I’m Sonja and I write as Migrating Miss. I’m originally from New Zealand, but I’ve lived in the United States, Canada, Australia and Scotland, and I’ve just moved to Spain!
1. Why did you move abroad?
I started out in the AFS International Exchange program at high school, when I applied to go to the United States and attend high school there. Living abroad gives me the chance to experience daily life in another country, not just skim the surface by taking a holiday.
2. How do you make a living?
I lived in two countries as a student, so student loans and saving funded my travel. In Australia and Scotland I sought work based on my previous experience in New Zealand, taking office jobs that gave me the weekends and holiday to travel. With some careful planning I was able to use a lot of flexi time to travel Europe! Spain was the first destination where I secured a job before I arrived, when I applied through a government program to be an English Language Assistant in schools in Spain.
3. How often do you communicate with home and how?
When I first moved overseas there was no social media, which meant long emails and phone calls exchanged every now and then. Now I can communicate on an almost daily basis with friends and family based all over the world. I use free calling and messaging systems like Facebook Messenger and WhatsApp.
4. What's your favorite thing about being an expat in Spain?
So far in Spain it’s the tapas! But my favourite thing in general about being an expat is the opportunity to meet people from all over the world and form connections I never could have at home. Being an expat has also taught me to appreciate the place I live and take the time to make the most of any opportunities offered to me there.
5. What’s the worst thing about being an expat in Spain?
I haven’t discovered anything I don’t like about Spain yet, other than my own lack of being able to speak Spanish! The worst thing about being an expat generally is the things you miss out on with friends and family at home. Having now lived in several places even if I went home I would miss out on things from where I have lived, so coming to terms with never feeling completely at home again is the one drawback of being an expat. In return though, you get to have many homes!
6. What do you miss most?
I always miss the food from very place I’ve moved to! Usually I find a favourite I can only get there and I’m forever wishing I could have all of the foods I love in one place! In seriousness however, I miss spending time with family and friends that isn’t rushed or forced for a few days because I’m just visiting. There is something to be said for being able to just hang out, and not worry about leaving or when I’ll see them again.
7. What did you do to meet people and integrate in your new home?
When I move to a new place I employ the “always say yes” mantra. Anything I’m asked to do, no matter how tired I feel or can’t be bothered I do it. Sometimes you might not get another chance! I also try and put myself in situations where I’ll be able to meet other people like joining a local walking group, and once attended a Meetup group for International Girls in Edinburgh and which gave me enough connections to never need to go again!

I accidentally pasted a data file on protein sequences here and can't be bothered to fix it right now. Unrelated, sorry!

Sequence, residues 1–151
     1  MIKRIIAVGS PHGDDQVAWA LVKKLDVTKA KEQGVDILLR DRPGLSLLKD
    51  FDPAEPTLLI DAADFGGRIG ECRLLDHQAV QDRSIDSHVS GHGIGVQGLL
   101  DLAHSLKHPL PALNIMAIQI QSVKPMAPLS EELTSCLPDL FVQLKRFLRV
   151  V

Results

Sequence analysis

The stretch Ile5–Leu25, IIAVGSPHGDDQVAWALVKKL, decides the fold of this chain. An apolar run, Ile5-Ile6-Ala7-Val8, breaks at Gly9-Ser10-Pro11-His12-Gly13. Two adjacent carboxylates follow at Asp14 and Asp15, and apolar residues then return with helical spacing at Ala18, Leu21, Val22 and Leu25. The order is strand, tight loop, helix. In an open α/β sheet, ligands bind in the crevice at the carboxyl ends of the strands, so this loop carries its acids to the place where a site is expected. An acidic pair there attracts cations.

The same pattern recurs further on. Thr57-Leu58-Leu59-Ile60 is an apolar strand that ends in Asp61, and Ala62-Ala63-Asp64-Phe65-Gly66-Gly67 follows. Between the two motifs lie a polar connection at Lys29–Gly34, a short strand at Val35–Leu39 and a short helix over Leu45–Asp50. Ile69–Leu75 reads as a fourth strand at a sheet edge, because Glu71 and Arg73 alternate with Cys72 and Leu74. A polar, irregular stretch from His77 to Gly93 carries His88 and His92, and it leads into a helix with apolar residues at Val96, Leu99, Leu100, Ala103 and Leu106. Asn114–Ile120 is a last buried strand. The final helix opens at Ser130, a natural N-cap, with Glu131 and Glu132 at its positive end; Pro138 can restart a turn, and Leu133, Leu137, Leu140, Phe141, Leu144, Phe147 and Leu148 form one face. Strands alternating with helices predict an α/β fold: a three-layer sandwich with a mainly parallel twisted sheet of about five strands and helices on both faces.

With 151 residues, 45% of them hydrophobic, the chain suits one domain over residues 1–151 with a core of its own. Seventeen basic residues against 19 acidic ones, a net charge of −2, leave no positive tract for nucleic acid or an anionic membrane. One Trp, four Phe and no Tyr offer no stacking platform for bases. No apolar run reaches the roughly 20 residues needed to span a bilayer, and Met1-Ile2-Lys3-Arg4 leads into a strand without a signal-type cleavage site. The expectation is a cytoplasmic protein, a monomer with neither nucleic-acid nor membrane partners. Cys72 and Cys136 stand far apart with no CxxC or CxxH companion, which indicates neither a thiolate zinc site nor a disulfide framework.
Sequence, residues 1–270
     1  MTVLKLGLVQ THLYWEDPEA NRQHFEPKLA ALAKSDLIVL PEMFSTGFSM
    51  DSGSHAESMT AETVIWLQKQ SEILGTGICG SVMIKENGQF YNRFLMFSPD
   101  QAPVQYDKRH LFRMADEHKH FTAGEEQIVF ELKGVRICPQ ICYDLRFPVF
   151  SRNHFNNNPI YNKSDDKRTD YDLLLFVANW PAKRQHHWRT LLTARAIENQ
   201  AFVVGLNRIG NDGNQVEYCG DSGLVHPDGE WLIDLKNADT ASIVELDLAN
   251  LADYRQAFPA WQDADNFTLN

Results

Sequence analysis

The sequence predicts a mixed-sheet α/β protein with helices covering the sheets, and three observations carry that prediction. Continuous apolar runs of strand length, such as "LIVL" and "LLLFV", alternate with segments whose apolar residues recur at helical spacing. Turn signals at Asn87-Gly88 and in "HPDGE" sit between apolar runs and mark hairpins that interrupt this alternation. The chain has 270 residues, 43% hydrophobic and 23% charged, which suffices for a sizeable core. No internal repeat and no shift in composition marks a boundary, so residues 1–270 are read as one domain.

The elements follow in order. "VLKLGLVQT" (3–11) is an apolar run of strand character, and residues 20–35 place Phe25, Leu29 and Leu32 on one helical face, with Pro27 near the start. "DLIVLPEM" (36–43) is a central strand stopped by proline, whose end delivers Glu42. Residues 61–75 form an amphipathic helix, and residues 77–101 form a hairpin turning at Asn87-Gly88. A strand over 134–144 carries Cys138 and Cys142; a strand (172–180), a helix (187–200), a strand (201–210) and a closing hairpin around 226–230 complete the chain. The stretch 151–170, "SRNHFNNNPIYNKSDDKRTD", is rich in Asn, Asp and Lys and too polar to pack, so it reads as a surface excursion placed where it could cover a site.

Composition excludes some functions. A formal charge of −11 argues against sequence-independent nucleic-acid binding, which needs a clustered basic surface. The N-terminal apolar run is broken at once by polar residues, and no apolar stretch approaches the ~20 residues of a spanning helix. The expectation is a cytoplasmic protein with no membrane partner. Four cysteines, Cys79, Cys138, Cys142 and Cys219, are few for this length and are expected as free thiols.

8. What custom/ habits do you find most strange about your adopted culture?
When I travelled to Spain in the summer we ate late at night to avoid the heat, but that hasn’t really changed now that I’ve moved here in winter! I’m used to coming home from work around 6pm and eating right away because I’m starving, but in Spain you’re more likely to have a snack and eat much later into the night.
9. What is a myth about your adopted country?
That everyone drinks Sangria all the time and it’s cheap. I have rarely seen Sangria on a menu outside of touristy areas, and when I have it had always been much more expensive than ordering a normal wine or beer.
10. Is the cost of living higher or lower than the last country you lived in and how has that made a difference in your life?
The cost of living in Spain is a lot less than anywhere I have previously lived. This means I have been able to move here with only a part time job lined up. I may try and secure more work while I’m here, but with careful budgeting I won’t need to.
11. What advice would you give other expats?
I don’t usually give advice to other expats, more to people who want to be one! But the main thing would probably be to try and integrate as much as you can into the culture you’re living in. Don’t just make friends with people from home, even though it can be easier sometimes. We all miss things from home and wish things could be different sometimes, but sometimes we need to be careful to not come across as rude if we voice this!
12. When and why did you start your blog?
I started my blog because I love to write and talk about travel. I also noticed a lot of blogs seem to focus on endless travel, which isn’t necessarily achievable for everyone. I think living abroad can be an easier way to travel because it you can support yourself as you would at home through work, and it gives you the time to really see another area of the world. I hope my blog can encourage other people to take the leap and live abroad!
Sonja's blog, Migrating Miss
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